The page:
Arrested for ‘Proselytizing?’ Man Joins History of Americans Detained in North Korea

  • Share
  • Read Later
JEON HEON-KYUN/epa/Corbis

North Korean leader Kim Jong Il

An American man is being held in North Korea. Good thing Jimmy Carter’s got a trip planned.

North Korean officials confirmed Thursday that the country is holding an American man for an unspecified crime. Jun Young Su, a Korean-American businessman in his sixties, has been held since last November, says the Korean Central News Agency. According to the state broadcaster, Washington has been alerted about the situation and Jun is being provided with necessary humanitarian conveniences. As the U.S. has no official diplomatic ties with the country, Jun is said to be in contact with the Swedish Embassy in Pyongyang which handles diplomatic matters on behalf of the U.S..

(More on TIME.com: See how one man caught secret video inside North Korea)

South Korea’s Yonhap news agency reported Thursday that Jun is being held for allegedly proselytizing. Although Christianity is technically allowed in the hermit kingdom, religion is heavily regulated. Over the years, North Korea has arrested a number of Christian Americans accused of proselytizing and or spying:

August 2010: Aijalon Gomes, a former schoolteacher in South Korea, was sentenced to eight years hard labor for crossing illegally into North Korea from China and was detained for 7-months. He eventually was released into the custody of Jimmy Carter, former U.S. president, in August 2010.

February 2010: On Christmas Day 2009, Park walked into the communist country to draw attention to the regime’s human rights abuses and call for the resignation of North Korean leader Kim Jong Il. Park was released in February 2010 after he apologized for his alleged transgressions.

August 2009: Television reporters Euna Lee and Lisa Ling are released after spending four months detained in North Korea. President Bill Clinton intervened and flew to Pyongyang to secure their release.

June 1999: Karen Han, a Korean American, was arrested in March 1999 for a “gross violation” of a North Korean legal order, according the Korea Central News Agency. The state-run agency reported that the country had decided to “leniently pardon and deport her in consideration of her frank admission of her misconduct.”

May 1998:  A 73-year-old Korean-American pastor, Kwang Duk Lee, was detained in North Korea on espionage charges in the spring of 1998. The North Koreans agreed to release him three months later, after collecting an undisclosed sum of money from his family. The release was reportedly brokered at a high-level meeting between U.S. and North Korean representatives in New York.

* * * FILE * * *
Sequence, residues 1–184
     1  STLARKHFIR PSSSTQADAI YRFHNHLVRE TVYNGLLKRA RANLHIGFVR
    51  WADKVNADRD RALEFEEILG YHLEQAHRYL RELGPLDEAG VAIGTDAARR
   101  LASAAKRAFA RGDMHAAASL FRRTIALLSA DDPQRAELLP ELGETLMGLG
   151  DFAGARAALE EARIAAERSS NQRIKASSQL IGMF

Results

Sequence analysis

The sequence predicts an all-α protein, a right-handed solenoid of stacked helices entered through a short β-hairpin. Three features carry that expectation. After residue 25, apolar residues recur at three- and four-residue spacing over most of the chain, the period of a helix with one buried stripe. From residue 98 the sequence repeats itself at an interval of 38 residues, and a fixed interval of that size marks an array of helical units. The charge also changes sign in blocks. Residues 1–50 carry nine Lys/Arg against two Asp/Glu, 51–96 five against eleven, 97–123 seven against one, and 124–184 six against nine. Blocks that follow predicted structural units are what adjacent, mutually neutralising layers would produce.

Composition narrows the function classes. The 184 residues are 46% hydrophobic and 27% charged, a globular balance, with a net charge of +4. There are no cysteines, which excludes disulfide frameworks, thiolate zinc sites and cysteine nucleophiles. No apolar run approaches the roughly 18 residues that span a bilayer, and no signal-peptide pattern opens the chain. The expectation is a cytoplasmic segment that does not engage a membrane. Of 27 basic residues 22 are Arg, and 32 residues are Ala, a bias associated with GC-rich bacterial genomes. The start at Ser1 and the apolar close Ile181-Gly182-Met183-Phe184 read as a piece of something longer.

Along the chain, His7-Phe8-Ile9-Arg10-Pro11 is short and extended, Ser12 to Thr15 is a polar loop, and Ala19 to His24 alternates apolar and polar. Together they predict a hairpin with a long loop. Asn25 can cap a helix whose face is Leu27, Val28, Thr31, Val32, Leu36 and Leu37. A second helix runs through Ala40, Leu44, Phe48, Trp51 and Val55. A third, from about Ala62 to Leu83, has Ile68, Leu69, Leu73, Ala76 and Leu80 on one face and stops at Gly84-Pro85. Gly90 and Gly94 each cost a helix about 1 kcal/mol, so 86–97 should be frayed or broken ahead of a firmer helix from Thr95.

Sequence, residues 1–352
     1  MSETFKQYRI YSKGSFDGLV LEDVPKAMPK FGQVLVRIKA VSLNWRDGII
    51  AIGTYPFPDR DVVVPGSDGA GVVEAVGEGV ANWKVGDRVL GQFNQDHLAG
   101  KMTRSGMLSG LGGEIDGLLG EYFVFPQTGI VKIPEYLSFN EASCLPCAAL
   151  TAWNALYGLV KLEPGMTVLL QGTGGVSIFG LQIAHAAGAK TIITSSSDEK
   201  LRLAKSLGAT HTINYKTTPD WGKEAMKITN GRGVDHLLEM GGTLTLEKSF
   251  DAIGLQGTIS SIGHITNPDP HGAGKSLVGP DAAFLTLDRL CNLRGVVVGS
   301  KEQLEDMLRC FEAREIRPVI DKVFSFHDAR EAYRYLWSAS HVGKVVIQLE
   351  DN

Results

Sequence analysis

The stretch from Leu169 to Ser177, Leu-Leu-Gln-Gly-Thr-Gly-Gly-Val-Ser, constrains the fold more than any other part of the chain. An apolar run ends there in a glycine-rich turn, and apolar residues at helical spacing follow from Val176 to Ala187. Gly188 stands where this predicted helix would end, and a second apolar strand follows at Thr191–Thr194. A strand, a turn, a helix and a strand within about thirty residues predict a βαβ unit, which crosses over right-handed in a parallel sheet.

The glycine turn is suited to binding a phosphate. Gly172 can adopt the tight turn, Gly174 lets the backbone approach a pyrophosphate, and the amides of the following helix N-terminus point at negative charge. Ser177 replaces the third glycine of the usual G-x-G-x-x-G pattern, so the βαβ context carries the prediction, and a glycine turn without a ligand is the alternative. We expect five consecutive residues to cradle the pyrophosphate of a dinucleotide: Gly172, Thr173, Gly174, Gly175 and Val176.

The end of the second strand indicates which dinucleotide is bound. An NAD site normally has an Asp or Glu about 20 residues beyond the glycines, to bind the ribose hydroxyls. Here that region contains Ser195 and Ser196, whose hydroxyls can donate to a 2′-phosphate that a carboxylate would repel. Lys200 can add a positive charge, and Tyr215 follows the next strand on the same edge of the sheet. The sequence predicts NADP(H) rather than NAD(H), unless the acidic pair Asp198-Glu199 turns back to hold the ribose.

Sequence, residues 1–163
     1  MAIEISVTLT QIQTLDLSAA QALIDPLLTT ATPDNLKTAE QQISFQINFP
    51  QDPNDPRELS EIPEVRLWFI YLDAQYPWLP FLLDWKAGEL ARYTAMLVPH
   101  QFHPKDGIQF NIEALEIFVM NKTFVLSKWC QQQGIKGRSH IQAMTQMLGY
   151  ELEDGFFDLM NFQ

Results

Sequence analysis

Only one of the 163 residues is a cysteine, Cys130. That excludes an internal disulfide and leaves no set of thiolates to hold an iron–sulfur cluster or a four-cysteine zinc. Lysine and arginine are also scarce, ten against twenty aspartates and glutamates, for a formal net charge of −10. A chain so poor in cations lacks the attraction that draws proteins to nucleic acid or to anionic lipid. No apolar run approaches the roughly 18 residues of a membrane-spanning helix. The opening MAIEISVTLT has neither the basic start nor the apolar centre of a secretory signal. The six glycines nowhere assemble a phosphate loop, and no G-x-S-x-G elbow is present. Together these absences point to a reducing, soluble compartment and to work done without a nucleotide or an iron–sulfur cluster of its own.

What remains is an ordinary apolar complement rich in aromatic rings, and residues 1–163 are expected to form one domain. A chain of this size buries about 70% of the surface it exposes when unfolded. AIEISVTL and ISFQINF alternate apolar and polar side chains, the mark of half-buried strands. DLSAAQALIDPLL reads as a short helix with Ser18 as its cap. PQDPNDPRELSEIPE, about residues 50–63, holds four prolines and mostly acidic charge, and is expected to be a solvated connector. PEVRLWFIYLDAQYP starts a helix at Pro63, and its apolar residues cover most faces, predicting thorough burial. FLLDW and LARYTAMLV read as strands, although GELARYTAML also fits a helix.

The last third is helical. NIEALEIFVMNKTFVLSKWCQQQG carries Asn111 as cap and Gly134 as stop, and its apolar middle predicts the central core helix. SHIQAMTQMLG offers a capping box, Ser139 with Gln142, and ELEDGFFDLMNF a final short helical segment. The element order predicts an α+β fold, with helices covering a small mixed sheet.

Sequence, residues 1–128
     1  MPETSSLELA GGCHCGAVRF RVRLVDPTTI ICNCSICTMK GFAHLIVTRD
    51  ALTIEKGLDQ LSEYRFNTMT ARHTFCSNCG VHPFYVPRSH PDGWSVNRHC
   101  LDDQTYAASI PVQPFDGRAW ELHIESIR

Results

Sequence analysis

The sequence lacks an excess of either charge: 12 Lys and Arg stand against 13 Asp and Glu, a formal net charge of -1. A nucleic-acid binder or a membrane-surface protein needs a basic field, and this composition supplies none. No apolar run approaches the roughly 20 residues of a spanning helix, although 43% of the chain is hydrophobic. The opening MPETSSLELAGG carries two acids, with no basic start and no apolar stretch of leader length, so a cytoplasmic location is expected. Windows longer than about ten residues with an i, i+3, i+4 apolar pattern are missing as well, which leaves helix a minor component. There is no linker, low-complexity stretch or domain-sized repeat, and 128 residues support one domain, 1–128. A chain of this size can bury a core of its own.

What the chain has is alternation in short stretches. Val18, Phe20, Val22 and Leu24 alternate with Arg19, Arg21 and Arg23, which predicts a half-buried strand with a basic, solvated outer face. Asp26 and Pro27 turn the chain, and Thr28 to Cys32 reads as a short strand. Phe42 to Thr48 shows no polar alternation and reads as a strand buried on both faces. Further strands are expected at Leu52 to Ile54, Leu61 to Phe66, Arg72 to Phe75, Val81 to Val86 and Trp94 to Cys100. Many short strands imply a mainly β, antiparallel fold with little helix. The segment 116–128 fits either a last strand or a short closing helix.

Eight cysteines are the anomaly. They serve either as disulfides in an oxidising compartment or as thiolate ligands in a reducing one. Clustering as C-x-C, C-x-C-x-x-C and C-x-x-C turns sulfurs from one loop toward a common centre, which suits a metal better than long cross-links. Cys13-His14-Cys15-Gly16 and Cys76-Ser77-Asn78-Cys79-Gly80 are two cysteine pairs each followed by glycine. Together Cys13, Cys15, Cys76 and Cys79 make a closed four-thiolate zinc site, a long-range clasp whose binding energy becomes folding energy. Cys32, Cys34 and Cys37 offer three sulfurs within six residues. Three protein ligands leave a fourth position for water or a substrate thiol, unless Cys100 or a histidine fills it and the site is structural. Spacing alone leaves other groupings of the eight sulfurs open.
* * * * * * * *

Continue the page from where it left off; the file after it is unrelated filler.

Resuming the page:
November 1996: Evan C. Hunziker, a half-Korean American accused of spying, crossed the border in 1996, most likely to convert North Koreans to Christianity, his family says. Bill Richardson, then a representative from New Mexico, secured his release.

Because the U.S. has no official ties to the country, high-ranking officials or former politicians have had to go on “unofficial” missions to rescue U.S. citizens. The current most likely candidate for this latest mission is thought to be former President Jimmy Carter. He announced last week he plans to focus on trying to revive international disarmament talks on the North’s nuclear program and find ways to ease the country’s humanitarian woes. (via AP)

(More on TIME.com: See pictures of Kim Jong Il)

4 comments
renfieldc
renfieldc

And with this 'remarkable' dispenser ready to serve one of the most potent of drugs, Americans still cannot understand why so many countries are disdainful of them.

tmmrwnvrknows
tmmrwnvrknows

@renfieldc  Haha, you must be a puritan with a statement like this. Or you just buy into the propaganda that pot is still a Schedule 1 drug, along with Heroin, which it clearly needs to be removed off the list from.

KevinHunt
KevinHunt

@renfieldc  "one of the most potent of drugs,"?   No, that would be alcohol.


Quoting DEA Administrative Law Judge Francis L. Young: "Marijuana is a "relatively nonaddictive and comparatively harmless euphoriant used and cultivated for more than 10,000 years without a single lethal overdose." 

Young, Francis L. (September 6, 1988). "In The Matter Of MARIJUANA RESCHEDULING PETITION, Docket No. 86-22: OPINION AND RECOMMENDED RULING, FINDINGS OF FACT, CONCLUSIONS OF LAW AND DECISION OF ADMINISTRATIVE LAW JUDGE". Schaffer Library of Drug Policy. Retrieved 2007-04-28.



coachfroml4d2
coachfroml4d2

@renfieldc  One of the most potent drugs? You were lied to. Heroin, cocaine, and even doctor prescribed painkillers like vicoden are much worse on the body than pot. It's amazing you're railing against this but don't mention cigarette vending machines. Please research what you post in the future. It will help you avoid uneducated posts, like your previous one.